Multilingual Collections of the Toronto Reference Library include the following languages... Didn't know there were so many. See if you can find your language(s):
- Church Salvonic
- Creole- Pidgin
- Greek (including Classical)
- Northern Sotho
- Southern Sotho
Come here for a rest from all the touring... spend some time on the computer... catch up on a book....read the news....scan through a magazine..... enjoy the quiet, relaxing atmosphere = )
The Toronto Reference Library houses one of the largest collections of books under one roof.
Highlights within the reference library include: - Business Information Centre
- Consumer Health Information Centre
- Languages Centre,Performing Arts Centre
- Periodicals and Newspaper Centres
- Picture Collection
- Toronto Star Newspaper Section
- Local History Section
Special Collections include:
- Arthur Conan Doyle Collection
- Osborne Collection of Early Children's Books
-Merril Collection of Science Fiction, Speculation and Fantasy
- Baldwin Room
- John Ross Robertson Collection
- Art Room Collection
- Map Collection
- Urban Affairs Library
In addition to that, there is a coffee refreshment stand, Exhibits, 199 Internet Workstations (free use, reserve a computer at the library), Piano Practice Room, & Learning Centre (Tutorials on research) & Digital Design Studio (fee).
Mon.: 10:00 a.m. - 8:00 p.m.
Tue.: 10:00 a.m. - 8:00 p.m.
Wed.: 10:00 a.m. - 8:00 p.m.
Thu.: 10:00 a.m. - 8:00 p.m.
Fri.: 10:00 a.m. - 5:00 p.m.
Sat.: 10:00 a.m. - 5:00 p.m.
Sun.: 1:30-5:00 p.m. (Sep. to Jun. only)
Yonge Street is the longest in the world, running from Thunder Bay to Toronto. Its most popular stretch would have to be from Bloor Street to the waterfront, especially the Dundas intersection, for its one of the first places a tourist would visit. Though it has been somewhat "cleaned up", parts of it are still filled with adult video stores and dollar shops. Eaton Centre since the seventies have drained life off the street, & now its finally heading for a comeback. Even the Eaton Centre has redesigned their wall facing Yonge Street, making it more attractive to pedestrians and shoppers alike.
Most popular store on the street would have to be Sam the Record Man, who still offer bargains on CDs & recordings. Pantages Theatre (now known as Canon Theatre), is also located on Yonge Street & was host to Phantom of the Opera, one of the longest running broadway shows in Toronto. Dundas Square at Yonge & Dundas has become a new focal point in downtown, and the city hopes to remodel it into a new TIMES SQUARE. The billboards are already up, but the surrounding area is still kind of drab.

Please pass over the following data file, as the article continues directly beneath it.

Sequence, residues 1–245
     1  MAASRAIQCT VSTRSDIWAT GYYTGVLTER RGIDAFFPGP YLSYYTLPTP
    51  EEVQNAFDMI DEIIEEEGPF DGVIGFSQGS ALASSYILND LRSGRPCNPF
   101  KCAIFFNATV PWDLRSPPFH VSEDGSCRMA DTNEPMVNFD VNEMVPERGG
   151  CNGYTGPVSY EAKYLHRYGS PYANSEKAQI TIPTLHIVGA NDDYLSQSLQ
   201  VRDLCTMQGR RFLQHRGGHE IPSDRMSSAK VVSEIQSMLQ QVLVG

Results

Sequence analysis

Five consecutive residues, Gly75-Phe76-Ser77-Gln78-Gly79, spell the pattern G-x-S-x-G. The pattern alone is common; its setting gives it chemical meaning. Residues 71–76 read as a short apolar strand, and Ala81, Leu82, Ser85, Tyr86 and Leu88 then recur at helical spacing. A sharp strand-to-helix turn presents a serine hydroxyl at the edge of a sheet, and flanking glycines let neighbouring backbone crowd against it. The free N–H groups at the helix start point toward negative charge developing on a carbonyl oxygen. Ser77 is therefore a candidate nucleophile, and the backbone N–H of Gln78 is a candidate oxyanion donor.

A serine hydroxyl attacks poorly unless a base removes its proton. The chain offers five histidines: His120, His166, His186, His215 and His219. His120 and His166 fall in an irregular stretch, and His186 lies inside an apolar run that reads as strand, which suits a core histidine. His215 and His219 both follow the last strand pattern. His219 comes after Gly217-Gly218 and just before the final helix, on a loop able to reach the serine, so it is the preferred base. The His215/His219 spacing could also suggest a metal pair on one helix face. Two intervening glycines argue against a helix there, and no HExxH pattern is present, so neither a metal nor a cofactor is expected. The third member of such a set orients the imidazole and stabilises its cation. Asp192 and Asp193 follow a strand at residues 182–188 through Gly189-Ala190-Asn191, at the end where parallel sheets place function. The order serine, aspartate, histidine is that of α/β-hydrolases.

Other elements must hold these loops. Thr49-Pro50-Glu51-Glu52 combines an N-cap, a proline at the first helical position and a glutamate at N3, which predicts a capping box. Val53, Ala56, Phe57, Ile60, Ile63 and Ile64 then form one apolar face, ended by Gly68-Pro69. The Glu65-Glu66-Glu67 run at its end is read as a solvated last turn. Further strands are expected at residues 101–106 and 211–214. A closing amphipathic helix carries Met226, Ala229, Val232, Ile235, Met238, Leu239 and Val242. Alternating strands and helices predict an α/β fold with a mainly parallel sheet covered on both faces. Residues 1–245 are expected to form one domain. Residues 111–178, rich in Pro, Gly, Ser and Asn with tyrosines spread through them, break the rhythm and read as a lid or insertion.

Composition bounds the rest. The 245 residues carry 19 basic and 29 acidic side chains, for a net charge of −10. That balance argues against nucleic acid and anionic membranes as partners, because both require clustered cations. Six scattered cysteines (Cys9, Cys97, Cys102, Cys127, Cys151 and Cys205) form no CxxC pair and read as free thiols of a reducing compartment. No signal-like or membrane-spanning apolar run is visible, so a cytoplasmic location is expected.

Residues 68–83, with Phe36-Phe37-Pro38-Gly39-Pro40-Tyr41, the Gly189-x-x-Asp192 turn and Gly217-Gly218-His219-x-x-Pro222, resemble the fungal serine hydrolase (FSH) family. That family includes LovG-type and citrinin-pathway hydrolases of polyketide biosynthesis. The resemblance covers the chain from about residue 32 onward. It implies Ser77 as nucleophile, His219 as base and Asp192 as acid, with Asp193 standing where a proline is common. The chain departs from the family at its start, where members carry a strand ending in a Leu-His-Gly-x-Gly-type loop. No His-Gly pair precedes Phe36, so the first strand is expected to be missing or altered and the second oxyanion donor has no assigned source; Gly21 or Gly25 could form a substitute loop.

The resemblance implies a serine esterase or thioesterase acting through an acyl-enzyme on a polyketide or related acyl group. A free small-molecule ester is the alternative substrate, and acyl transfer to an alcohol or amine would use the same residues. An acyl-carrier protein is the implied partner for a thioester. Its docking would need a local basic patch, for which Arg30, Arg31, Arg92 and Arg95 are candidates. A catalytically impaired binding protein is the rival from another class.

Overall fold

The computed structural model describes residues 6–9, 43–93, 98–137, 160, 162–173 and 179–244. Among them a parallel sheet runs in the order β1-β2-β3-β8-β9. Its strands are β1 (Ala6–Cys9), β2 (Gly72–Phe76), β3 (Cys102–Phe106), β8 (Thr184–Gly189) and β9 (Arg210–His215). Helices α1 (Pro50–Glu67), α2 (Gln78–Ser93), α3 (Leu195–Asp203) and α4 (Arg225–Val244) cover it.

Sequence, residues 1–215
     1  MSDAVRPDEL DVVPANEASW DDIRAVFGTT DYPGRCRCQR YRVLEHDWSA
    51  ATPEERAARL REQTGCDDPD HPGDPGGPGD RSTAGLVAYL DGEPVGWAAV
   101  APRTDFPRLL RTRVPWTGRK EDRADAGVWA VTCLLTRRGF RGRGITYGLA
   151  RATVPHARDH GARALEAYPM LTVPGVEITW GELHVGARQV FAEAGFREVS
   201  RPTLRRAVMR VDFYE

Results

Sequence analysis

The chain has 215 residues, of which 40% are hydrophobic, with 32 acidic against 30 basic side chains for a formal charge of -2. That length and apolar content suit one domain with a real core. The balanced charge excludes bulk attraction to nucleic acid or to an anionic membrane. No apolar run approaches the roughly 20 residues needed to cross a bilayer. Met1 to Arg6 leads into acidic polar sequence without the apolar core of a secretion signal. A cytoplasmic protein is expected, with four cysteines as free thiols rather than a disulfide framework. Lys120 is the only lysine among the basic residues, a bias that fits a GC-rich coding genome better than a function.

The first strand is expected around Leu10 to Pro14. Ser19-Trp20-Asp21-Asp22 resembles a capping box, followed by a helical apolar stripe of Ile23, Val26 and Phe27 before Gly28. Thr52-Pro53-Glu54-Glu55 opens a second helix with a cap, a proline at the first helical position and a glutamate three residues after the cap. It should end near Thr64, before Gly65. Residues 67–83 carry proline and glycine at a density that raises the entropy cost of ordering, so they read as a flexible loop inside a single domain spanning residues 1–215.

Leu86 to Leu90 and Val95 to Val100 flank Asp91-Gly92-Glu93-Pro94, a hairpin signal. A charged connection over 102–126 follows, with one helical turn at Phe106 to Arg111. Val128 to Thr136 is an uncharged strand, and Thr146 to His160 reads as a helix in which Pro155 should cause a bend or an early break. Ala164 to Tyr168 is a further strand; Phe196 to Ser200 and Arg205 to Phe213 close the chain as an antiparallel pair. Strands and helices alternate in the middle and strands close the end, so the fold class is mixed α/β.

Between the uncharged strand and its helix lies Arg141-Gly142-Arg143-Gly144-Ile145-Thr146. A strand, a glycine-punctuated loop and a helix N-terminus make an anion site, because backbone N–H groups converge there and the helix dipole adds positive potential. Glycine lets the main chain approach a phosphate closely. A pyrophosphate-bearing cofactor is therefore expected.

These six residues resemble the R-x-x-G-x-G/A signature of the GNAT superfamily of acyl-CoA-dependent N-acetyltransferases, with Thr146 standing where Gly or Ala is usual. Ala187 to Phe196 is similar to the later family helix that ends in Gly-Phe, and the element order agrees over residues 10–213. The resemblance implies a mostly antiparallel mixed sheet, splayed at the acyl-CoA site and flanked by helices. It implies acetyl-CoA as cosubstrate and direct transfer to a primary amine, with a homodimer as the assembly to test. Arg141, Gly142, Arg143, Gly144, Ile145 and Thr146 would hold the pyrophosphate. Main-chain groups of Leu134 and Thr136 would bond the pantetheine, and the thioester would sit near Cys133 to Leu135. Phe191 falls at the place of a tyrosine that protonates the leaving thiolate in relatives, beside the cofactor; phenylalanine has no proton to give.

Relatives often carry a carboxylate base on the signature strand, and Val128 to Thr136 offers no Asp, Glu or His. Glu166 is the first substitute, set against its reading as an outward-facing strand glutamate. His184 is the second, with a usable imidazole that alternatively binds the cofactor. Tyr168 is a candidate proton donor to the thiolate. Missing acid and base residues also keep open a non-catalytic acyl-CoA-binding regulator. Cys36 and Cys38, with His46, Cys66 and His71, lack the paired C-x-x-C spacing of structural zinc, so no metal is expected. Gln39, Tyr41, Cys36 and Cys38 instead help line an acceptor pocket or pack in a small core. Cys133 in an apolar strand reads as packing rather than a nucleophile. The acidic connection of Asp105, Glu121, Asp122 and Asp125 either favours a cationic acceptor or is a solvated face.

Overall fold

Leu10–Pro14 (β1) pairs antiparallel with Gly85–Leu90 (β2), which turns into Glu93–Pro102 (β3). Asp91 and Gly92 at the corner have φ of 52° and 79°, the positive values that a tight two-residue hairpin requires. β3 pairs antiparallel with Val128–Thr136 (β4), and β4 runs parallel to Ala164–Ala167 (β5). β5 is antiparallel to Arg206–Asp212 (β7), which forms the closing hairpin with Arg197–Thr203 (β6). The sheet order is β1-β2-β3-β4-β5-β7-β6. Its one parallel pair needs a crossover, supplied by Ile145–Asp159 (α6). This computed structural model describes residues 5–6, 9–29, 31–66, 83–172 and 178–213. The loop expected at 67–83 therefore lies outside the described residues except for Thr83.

Many amateur artists & entertainers perform in this vicinity everyday, & it sometimes does whip the crowd into a bit of a frenzy. From musicians to magicians, unicycle riders to knife eaters, there is quite a lot of variety of acts here. It sometimes feels very weird however, for the audience act like they never had seen a street performance before.
If you continued down Yonge Street, you would eventually reach the waterfront & this is a great starting point to explore the area.
If you drove north, you would pass by Rosedale, (One of Toronto's most Prestigious Address) Mt. Pleasant Cemetary, Eglinton Square & even Mel Lastman Square (North York Centre) before leaving Toronto.
I walked south down Yonge Street from Bloor Street as part of my walking tour of the city. This street has elements of a smaller scale Times Square, with big bold signs, crowded sidewalks, and small shops. Eaton Centre is also located along Yonge Street, making this stretch of downtown a vibrant place in which to hang out.
Yonge Street begins at the waterfront of Lake Ontario, running north passes through the busy business and shopping districts of Toronto, passing the residential suburbs and farmlands, ending near Thunder Bay in Northern Ontario.
There is a subway line running underneath Yonge Street within the city of Toronto, which gets quite crowded during rush hours.
Talk a walk along Yonge Street!
Yonge Street was fasinating! Part tourist trap, part 'adult' entertainment, part local flavor and eating, you could spend more than one day examining and partaking in some of the many shops and diversions located on the street.
Yonge St is one of Toronto's main avenues of entertainment. The nightlife here includes some of the biggest and best-known adult clubs.
We were lucky enough to be on Yonge Street on a Saturday when the Mounties were there. Every weekend through the summer they are out and about in the city